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Posted

If we still celebrated ad orientum (which is perfectly licit) we wouldn't be having this discussion.

Oh well.

peace...

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Posted

[quote name='PedroX' date='Jun 22 2004, 11:49 PM'] If we still celebrated ad orientum (which is perfectly licit) we wouldn't be having this discussion.

Oh well.

peace... [/quote]
You are correct. The Eastern Rites continue the nearly 2,000 year old tradition of having the priest face east during the Eucharistic sacrifice.

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Posted

At my church, the tabernacle is in a separate side-chapel area, but it is still visible to the whole congregation in the church. I like it this way. When at Mass, everyone is still reminded of Christ's presence in the Eucharist when seeing the tabernacle, but at times when I can pray alone in the chapel, I love being somewhat enclosed, kneeling in front of the tabernacle. I am blown away at my intimate time with Jesus when I pray like this.

Sigh... Catholicism is awesome!!!

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Posted

[quote name='Apotheoun' date='Jun 23 2004, 01:57 AM'] You are correct. The Eastern Rites continue the nearly 2,000 year old tradition of having the priest face east during the Eucharistic sacrifice. [/quote]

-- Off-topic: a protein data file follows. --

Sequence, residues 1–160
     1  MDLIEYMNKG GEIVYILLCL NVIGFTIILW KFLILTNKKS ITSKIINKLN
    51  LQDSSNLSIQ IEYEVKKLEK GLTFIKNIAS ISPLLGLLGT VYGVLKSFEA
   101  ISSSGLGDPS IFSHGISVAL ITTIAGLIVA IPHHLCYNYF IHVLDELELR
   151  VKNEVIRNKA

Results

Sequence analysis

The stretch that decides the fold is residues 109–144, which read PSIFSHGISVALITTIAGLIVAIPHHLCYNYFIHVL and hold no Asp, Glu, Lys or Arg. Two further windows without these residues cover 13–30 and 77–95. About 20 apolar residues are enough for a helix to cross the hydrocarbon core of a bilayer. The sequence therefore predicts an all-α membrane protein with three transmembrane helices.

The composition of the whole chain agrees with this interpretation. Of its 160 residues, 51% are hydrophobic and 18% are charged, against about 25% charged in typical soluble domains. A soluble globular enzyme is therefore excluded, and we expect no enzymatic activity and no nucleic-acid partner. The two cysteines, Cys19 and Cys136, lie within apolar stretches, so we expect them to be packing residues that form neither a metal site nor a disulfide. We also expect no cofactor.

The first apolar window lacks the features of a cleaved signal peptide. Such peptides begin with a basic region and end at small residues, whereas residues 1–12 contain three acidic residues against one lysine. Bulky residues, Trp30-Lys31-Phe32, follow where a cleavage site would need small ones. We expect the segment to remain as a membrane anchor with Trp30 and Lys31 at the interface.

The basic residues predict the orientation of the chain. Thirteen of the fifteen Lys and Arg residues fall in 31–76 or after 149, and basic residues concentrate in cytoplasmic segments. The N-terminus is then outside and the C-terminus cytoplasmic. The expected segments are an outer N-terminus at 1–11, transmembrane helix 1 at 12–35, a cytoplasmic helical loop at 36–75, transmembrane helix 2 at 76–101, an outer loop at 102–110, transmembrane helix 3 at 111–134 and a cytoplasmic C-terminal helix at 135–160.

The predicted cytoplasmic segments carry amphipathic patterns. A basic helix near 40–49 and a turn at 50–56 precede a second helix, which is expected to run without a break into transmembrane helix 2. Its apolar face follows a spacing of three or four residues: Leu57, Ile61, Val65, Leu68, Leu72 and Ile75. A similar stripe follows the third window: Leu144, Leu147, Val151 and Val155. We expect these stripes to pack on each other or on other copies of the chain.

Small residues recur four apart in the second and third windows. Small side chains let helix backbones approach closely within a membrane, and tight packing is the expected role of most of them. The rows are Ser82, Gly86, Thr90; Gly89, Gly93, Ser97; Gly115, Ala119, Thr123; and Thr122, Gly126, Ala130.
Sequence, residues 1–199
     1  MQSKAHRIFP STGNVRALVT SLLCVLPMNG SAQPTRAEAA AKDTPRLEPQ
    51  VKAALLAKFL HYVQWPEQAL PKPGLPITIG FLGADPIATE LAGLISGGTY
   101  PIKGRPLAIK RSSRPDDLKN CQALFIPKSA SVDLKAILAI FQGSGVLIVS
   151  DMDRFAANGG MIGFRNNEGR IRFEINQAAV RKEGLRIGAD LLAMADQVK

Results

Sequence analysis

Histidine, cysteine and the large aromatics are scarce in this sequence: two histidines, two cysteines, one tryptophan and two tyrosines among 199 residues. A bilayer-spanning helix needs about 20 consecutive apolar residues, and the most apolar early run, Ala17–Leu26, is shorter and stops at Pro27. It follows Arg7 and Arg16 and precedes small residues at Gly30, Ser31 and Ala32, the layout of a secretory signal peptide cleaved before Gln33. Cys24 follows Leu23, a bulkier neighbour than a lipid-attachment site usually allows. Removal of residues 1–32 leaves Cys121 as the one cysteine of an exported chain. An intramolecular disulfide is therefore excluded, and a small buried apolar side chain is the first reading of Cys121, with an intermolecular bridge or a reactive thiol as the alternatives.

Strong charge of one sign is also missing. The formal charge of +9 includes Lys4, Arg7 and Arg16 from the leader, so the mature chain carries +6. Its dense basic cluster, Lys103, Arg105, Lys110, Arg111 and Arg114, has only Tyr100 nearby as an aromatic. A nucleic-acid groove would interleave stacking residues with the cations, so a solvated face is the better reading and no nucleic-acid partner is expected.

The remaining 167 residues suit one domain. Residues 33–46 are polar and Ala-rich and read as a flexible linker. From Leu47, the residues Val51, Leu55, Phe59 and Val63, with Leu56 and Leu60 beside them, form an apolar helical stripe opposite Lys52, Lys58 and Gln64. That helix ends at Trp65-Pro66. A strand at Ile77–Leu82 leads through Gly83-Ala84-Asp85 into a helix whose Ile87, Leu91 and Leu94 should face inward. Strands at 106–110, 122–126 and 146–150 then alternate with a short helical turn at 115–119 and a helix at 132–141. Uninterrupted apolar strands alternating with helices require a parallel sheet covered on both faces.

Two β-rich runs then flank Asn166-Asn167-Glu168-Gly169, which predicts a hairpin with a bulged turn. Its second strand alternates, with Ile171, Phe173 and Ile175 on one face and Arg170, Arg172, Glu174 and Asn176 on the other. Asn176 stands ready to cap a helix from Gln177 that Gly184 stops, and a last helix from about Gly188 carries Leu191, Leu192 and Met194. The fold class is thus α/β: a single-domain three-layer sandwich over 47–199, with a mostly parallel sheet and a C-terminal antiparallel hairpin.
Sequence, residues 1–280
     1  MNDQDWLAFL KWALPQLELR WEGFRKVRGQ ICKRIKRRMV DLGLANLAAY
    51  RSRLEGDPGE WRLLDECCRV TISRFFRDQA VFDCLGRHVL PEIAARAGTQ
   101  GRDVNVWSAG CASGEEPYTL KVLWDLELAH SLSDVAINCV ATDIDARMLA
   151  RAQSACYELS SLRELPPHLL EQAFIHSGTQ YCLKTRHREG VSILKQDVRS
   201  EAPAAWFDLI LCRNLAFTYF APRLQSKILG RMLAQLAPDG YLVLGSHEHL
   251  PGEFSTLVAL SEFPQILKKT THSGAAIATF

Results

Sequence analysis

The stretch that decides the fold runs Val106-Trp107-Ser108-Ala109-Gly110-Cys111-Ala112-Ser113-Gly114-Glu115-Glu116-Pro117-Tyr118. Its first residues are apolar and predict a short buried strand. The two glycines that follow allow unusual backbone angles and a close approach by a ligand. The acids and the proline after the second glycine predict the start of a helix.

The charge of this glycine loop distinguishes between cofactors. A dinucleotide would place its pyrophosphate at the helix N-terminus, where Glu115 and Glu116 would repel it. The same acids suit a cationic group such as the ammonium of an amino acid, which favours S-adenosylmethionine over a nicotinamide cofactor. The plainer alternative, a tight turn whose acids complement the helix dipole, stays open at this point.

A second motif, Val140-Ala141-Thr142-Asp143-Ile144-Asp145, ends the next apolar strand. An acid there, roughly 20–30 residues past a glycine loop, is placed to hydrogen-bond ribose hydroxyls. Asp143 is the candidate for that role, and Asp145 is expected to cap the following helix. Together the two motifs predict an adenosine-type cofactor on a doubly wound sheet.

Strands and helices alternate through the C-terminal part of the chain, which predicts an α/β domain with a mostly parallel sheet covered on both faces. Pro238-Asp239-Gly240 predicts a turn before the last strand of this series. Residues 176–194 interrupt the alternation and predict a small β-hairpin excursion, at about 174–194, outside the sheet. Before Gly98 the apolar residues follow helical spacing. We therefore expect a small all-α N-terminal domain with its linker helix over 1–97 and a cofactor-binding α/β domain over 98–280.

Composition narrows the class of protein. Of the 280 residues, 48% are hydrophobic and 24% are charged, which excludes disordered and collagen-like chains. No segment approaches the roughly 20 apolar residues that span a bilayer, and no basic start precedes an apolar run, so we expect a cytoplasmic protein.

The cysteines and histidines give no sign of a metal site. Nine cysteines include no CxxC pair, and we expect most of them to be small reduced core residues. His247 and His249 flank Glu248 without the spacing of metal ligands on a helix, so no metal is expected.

I just wish they still faced Versus Deum more. :( :sadder: :sadder:

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Posted

If it was up to me, I would make sure that every single Catholic parish had a beautiful high altar with the tabernacle built into it. That way the tabernacle would be front and center!

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Posted

Hi,
The question should read, "Where should Jesus be placed in a Catholic Church which is the house of God?. Follow up questions: Is Jesus Christ God, OR, Is the Eucharist God?

John

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Posted

Welcome, brother.

Eucharist = Jesus Christ = God made flesh. ;)

Pax Domini,
Ben

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Posted (edited)

[quote name='john654' date='04 May 2010 - 07:15 AM' timestamp='1272975348' post='2104765']
Hi,
The question should read, "Where should Jesus be placed in a Catholic Church which is the house of God?. Follow up questions: Is Jesus Christ God, OR, Is the Eucharist God?

John
[/quote]

The Eucharist is substantively Christ; and Jesus is "consubstantialem Patri". I'm not sure what you mean by the exclusive phrasing of the follow-up question you suggested... Edited by Veridicus

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Posted